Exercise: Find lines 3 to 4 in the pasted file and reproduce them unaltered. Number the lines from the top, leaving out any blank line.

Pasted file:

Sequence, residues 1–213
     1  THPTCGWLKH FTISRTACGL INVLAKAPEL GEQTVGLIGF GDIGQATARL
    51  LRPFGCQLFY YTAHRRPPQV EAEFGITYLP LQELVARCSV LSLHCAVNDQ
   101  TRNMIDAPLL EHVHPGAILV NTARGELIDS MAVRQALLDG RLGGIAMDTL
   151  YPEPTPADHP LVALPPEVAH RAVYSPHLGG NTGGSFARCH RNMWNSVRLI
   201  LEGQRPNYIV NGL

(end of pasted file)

    51  LRPFGCQLFY YTAHRRPPQV EAEFGITYLP LQELVARCSV LSLHCAVNDQ
   101  TRNMIDAPLL EHVHPGAILV NTARGELIDS MAVRQALLDG RLGGIAMDTL